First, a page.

The Patron Thief of Bread by Lindsay Eagar is the story of eight-year-old Duck, who was found in a river as a baby and “adopted” by and cared for by a band of street urchins in Medieval France. The Crowns, a band of young thieves, are the only family Duck has known and even though Gnat, the group’s leader, is not especially fond of her, the group is her family, and they survive by stealing money and food from vendors in street fairs and town markets across their region. Orphaned children were often overlooked, abused, or ignored and thus had to fend for themselves, regardless of how young they were. However, the Crowns were skilled at stealing and thus a threat to other bands. They move from town to town as a way of avoiding bands of older orphans as well as punishment by a town justice once they become too visible in any particular place.
But once they return to Odierne, the city where Duck was found, they decide to set down roots. The city seems big enough for them to stay invisible to the authorities and they find places to hide and eventually live in a cathedral that was never finished and crumbling to ruins. Life seems good. The children find or poach food and they have a relatively safe place to live. They care for one another.
One of the places that is especially desirous to the Crowns is Griselde’s Bakery. They were able to steal from Griselde, who is going blind, and in need of an apprentice. Gnat decides that one of the Crowns could become Griselde’s apprentice, and to prove her loyalty, it is Duck’s turn to take such a chance. The other members of the group are not sure Duck is ready for such a responsibility—one that would include stealing both money and bread—since she is so young, but Gnat is determined. He convinces Griselde that Duck would make a good apprentice, and thus it’s set. Duck moves into the bakery and begins to learn not only how to make bread, but how to help the Crowns survive.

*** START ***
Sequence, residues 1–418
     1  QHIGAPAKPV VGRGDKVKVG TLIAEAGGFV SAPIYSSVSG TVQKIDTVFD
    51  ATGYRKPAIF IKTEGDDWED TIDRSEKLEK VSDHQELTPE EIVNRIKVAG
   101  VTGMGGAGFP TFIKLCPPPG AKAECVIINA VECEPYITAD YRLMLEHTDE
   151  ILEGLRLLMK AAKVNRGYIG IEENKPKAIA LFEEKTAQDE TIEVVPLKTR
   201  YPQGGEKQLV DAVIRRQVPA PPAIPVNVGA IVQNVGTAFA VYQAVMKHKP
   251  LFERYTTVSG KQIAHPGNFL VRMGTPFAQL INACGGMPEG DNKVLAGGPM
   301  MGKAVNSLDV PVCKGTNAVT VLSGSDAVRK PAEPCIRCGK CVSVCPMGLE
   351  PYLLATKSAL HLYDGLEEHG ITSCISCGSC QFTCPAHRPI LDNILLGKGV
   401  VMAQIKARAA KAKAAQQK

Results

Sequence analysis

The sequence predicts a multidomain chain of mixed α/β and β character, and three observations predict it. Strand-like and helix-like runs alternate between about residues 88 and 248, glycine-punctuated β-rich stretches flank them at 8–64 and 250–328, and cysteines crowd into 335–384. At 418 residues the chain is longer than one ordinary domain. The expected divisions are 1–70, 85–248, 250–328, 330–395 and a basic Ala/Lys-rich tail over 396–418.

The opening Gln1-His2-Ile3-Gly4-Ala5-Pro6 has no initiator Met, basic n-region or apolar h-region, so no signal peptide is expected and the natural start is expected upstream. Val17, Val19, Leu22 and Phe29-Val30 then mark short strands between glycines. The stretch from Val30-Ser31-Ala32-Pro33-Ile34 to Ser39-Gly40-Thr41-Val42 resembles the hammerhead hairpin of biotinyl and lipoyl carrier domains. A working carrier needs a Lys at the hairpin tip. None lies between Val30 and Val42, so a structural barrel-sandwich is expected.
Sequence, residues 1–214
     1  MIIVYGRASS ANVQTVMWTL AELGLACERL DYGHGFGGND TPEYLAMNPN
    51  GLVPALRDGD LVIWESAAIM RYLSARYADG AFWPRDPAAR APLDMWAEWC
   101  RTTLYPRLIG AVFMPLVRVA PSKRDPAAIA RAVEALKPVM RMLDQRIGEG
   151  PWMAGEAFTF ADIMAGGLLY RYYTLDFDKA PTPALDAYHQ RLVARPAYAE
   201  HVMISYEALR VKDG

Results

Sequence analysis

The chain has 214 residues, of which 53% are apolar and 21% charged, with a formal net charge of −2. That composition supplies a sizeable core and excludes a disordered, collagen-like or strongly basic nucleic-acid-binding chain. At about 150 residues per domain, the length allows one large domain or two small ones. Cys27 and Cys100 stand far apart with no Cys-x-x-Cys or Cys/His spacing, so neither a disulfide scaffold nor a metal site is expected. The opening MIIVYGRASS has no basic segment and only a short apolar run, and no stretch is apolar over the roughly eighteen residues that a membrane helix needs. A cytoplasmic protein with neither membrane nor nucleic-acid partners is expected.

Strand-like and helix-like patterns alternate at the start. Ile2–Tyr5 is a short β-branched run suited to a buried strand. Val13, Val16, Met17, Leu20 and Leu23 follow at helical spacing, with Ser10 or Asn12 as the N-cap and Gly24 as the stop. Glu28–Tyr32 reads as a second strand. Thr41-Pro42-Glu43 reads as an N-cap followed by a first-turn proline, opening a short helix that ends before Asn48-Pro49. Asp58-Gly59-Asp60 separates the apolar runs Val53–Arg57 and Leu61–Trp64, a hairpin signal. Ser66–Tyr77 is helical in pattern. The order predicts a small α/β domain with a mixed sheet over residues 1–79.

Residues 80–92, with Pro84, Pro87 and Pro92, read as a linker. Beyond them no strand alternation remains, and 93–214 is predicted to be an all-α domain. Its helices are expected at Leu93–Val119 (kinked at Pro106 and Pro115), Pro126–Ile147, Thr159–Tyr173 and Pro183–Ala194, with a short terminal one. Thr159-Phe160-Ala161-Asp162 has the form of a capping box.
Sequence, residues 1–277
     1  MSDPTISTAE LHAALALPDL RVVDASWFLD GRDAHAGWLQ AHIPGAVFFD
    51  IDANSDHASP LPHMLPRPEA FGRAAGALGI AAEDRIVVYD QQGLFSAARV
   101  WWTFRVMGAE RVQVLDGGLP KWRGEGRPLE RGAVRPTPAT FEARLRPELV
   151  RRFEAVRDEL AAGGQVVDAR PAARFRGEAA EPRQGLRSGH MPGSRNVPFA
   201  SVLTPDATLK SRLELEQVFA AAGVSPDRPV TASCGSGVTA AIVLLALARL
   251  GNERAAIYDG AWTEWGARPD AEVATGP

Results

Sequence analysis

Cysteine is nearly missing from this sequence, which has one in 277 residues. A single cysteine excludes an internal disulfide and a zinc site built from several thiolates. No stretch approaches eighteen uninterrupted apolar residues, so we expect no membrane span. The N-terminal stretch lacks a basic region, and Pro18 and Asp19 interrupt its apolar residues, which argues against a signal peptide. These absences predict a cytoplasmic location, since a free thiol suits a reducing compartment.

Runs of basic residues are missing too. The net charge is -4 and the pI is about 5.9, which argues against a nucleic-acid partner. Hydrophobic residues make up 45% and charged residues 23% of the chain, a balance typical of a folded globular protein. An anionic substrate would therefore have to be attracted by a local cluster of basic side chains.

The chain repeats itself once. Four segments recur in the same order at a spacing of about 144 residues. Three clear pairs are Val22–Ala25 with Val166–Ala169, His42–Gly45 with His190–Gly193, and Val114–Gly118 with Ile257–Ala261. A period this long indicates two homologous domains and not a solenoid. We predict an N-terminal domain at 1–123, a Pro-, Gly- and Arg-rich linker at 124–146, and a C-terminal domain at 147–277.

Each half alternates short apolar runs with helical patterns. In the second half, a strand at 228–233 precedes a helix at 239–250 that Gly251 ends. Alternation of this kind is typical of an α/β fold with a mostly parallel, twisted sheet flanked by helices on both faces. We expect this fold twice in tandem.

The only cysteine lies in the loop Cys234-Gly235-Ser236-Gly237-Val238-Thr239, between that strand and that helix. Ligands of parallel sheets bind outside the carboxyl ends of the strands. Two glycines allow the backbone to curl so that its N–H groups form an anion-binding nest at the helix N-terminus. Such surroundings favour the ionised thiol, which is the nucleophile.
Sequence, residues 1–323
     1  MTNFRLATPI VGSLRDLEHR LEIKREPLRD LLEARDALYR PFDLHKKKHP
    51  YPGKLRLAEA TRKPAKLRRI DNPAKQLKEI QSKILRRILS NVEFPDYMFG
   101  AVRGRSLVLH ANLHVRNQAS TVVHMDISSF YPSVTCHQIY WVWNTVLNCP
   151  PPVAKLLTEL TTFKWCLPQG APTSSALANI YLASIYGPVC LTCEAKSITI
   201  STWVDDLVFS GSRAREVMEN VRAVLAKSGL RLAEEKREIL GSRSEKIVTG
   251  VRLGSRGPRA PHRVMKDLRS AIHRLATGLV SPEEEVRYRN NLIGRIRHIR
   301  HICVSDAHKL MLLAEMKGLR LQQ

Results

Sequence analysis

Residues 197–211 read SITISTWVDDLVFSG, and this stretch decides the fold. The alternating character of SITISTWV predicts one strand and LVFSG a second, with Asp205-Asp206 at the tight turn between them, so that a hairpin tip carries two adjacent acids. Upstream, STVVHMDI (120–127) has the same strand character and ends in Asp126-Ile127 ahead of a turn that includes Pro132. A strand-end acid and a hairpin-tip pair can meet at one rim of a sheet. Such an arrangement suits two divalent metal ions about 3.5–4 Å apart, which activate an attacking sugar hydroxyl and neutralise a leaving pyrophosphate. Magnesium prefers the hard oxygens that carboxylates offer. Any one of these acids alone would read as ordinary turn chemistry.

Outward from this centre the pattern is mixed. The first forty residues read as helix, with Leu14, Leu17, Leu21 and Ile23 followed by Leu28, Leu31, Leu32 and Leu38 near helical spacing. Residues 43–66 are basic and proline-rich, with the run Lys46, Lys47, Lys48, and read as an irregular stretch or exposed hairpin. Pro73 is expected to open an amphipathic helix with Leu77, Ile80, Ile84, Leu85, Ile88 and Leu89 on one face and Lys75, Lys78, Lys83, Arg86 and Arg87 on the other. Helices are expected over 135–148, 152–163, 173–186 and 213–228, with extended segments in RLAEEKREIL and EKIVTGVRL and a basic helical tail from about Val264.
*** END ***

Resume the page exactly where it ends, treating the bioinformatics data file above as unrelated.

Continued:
At the bakery Duck learns other lessons, too, about safety, warmth, trust, and love. As time passes, Duck begins to feel her loyalties divide. She cares for the Crowns—they are her family—but Griselde is part of a new type of family, and it becomes harder for Duck to steal from this new family. Gnat, however, notices this changing loyalty, and decides to take matters into his own hands. The results of Gnat’s interference produce not only a great tragedy, but new knowledge and conflicting opportunities for each one of the Crown’s members. What they decide to do will change their lives forever.
This is a wonderful narrative of loyalty, love, and how the love and beauty of the past is always with us. It is particularly delightful that the story includes the perspective of one of the cathedral’s gargoyles, marking both the beginning and ending of a well-told tale. The Patron Thief of Bread will make a wonderful addition to a Middle Ages text set for middle grade readers that includes The Inquisitor’s Tale (Gidwitz & Aly, 2016) and The Book of Boy (Murdock, 2018). –Recommended by Holly Johnson, Emeritus Professor, University of Cincinnati, Cincinnati, OH
Title: The Patron Thief of Bread
Author: Lindsay Eagar
Publisher: Candlewick Press
PubDate: May 3, 2022